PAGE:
The banjo inspired a great variety of playing styles in the South during the nineteenth and early twentieth century. On this in-depth lesson and demonstration, Mike Seeger presents a survey of those styles, teaching each of them to help you develop a full range of repertoire and traditional techniques.
This is the first of a 3-volume series covering virtually all of the major banjo styles and techniques, as well as a look at some of the types of banjos that have been played throughout its history in America. Volume 1 focuses on a family of styles generally considered to be of African origin and variously known as clawhammer, frailing, rapping, drop-thumb and down-picking. Each section features a song or tune with brief information as to its style and source, a complete performance of the piece, and detailed split-screen instruction on how to play it. You'll also see a close-up view of each of the nine banjos used.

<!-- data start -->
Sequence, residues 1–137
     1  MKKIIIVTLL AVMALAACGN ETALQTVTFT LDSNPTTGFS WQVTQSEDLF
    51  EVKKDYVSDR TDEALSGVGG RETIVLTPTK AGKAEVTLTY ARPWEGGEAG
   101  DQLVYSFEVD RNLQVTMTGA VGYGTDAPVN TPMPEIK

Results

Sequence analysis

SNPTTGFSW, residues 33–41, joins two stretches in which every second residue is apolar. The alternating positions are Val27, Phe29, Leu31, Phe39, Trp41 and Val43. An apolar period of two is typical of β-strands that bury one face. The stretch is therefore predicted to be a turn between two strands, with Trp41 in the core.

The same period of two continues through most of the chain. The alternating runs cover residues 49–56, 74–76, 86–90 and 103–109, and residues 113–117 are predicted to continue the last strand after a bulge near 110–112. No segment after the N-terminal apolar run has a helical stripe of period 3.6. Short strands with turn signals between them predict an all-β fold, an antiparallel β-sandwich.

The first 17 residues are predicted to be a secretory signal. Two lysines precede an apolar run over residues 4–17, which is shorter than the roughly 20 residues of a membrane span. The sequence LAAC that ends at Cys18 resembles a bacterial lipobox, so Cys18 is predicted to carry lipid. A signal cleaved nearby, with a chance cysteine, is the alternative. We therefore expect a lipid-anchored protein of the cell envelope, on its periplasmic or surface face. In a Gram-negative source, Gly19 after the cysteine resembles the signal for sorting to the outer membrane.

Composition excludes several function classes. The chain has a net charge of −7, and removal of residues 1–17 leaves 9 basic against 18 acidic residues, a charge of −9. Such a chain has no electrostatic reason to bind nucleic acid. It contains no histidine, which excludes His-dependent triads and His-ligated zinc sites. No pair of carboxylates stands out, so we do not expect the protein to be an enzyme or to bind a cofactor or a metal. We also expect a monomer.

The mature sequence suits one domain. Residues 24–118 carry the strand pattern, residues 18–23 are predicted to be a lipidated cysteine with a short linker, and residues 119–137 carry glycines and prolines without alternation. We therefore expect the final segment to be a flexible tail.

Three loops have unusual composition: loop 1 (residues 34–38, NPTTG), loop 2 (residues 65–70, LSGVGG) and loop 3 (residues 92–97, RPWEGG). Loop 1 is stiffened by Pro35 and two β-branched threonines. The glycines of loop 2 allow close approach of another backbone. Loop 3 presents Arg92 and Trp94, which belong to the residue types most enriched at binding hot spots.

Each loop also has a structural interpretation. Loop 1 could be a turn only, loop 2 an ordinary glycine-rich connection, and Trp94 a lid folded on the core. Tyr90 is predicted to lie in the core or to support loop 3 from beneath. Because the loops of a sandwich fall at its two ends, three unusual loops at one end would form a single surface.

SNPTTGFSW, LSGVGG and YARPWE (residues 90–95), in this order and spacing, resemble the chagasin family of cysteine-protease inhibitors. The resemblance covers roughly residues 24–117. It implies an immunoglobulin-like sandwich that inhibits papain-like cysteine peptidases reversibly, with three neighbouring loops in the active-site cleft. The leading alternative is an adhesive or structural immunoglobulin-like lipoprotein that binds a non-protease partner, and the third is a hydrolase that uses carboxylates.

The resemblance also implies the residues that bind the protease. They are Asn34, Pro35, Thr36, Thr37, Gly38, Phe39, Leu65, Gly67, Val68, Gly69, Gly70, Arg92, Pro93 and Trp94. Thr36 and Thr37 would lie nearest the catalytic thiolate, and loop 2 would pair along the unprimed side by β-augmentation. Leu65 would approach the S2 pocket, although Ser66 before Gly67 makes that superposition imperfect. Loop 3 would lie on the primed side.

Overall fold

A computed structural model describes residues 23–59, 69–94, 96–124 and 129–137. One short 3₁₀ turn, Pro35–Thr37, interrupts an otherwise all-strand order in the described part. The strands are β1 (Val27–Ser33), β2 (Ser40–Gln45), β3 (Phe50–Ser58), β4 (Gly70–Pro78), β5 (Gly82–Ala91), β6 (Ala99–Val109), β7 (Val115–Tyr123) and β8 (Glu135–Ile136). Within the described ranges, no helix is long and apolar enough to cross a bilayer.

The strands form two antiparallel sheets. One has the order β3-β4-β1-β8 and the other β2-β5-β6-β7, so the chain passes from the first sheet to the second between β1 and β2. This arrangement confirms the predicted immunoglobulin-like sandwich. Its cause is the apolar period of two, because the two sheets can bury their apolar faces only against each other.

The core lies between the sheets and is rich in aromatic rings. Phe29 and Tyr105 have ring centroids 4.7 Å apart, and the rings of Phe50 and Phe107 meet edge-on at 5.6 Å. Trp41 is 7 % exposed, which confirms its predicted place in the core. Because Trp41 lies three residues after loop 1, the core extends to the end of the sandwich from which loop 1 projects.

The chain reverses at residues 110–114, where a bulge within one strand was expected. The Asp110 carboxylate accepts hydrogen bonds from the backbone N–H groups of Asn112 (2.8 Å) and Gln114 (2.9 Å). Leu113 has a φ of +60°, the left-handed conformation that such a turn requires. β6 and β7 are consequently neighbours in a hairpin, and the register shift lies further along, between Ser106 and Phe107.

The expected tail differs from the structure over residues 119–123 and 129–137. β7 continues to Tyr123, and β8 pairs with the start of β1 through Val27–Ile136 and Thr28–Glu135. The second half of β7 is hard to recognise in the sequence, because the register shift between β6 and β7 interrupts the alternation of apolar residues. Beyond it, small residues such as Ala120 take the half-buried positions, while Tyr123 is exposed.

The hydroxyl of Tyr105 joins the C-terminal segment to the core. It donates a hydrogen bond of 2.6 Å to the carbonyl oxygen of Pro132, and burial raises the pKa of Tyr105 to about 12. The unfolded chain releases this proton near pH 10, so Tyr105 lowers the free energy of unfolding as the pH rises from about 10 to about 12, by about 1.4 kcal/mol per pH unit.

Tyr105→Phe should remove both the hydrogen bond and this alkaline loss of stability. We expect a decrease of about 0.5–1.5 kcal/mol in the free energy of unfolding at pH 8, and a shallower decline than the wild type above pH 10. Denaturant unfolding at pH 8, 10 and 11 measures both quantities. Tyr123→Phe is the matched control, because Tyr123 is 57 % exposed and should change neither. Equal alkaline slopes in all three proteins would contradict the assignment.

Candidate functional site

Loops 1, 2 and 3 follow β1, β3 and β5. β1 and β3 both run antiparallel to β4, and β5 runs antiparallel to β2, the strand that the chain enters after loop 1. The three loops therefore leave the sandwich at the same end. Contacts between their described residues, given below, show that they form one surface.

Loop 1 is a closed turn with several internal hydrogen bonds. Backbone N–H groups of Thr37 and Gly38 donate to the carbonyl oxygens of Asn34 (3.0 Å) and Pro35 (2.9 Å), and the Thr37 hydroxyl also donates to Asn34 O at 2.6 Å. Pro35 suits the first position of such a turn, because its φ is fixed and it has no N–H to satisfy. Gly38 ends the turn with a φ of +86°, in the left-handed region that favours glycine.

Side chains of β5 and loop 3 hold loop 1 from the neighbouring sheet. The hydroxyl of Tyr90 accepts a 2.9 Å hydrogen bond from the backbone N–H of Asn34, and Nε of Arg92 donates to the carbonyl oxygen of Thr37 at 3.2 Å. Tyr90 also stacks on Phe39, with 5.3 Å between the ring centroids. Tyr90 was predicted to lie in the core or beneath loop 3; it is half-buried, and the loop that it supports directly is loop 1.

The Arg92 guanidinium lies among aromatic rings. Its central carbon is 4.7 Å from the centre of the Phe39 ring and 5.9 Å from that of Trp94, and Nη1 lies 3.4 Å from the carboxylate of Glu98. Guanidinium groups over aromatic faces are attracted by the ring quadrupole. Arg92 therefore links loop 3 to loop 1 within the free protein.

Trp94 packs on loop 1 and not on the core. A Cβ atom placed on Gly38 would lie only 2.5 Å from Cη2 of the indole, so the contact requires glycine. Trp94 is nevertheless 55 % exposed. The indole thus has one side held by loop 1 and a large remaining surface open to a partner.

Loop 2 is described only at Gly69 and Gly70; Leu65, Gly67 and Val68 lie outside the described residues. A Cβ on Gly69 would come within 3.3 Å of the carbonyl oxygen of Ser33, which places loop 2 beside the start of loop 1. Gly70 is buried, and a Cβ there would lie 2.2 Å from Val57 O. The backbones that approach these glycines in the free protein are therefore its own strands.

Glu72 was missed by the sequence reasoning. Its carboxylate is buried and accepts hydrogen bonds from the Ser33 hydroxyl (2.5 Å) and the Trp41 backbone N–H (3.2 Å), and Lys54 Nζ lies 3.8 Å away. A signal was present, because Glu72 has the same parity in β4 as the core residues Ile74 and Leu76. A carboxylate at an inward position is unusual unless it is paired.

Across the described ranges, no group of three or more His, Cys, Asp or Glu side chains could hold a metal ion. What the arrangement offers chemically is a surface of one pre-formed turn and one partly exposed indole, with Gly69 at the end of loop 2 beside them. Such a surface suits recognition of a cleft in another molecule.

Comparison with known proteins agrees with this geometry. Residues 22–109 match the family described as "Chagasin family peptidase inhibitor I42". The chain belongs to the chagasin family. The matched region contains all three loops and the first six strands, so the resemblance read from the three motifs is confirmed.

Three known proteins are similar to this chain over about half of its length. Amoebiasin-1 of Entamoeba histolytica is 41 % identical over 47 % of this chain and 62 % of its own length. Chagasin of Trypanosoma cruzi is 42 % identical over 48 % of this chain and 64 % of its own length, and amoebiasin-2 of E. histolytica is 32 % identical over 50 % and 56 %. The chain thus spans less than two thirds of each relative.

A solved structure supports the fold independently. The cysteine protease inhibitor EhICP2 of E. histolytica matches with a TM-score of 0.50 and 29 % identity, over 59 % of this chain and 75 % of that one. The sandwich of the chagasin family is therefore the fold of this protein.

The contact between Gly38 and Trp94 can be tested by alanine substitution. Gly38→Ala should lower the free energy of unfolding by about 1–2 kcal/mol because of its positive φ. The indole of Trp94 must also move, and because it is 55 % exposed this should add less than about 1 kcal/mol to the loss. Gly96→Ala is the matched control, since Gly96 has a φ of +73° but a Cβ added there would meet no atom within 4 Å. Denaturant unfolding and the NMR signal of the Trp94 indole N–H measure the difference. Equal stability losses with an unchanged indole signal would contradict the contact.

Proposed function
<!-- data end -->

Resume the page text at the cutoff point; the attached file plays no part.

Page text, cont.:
Mike teaches a wonderful variety of songs that you'll soon be adding to your repertoire: Soon in the Morning, Babe, an African American clawhammer picking style from Mississippi with gourd banjo; Josh Thomas's Roustabout, an African American accompaniment technique from Virginia; Jim Crack Corn, an irregular-accent clawhammer style; Battle in the Horseshoe, a basic clawhammer tune; Darling Cora, using Kentucky multi-finger brush technique; Devil's Dream, in North Carolina up-pick, up-&-down-stroke style; Little Birdie, using two-finger Kentucky up-pick, down-stroke style; Around the World, in a three-finger up-pick down-stroke style; and Whoopin' Up Cattle, a clawhammer piece on a double-drone-string banjo.
The pieces on this lesson encompass a wide range of difficulty. Some will be easy enough for a near-beginner to be able to play, and an advanced intermediate player will quickly be able to master these pieces and greatly benefit from Mike's program.
The material presented here is based on Mike Seeger's Grammy-nominated Smithsonian CD "Southern Banjo Sounds.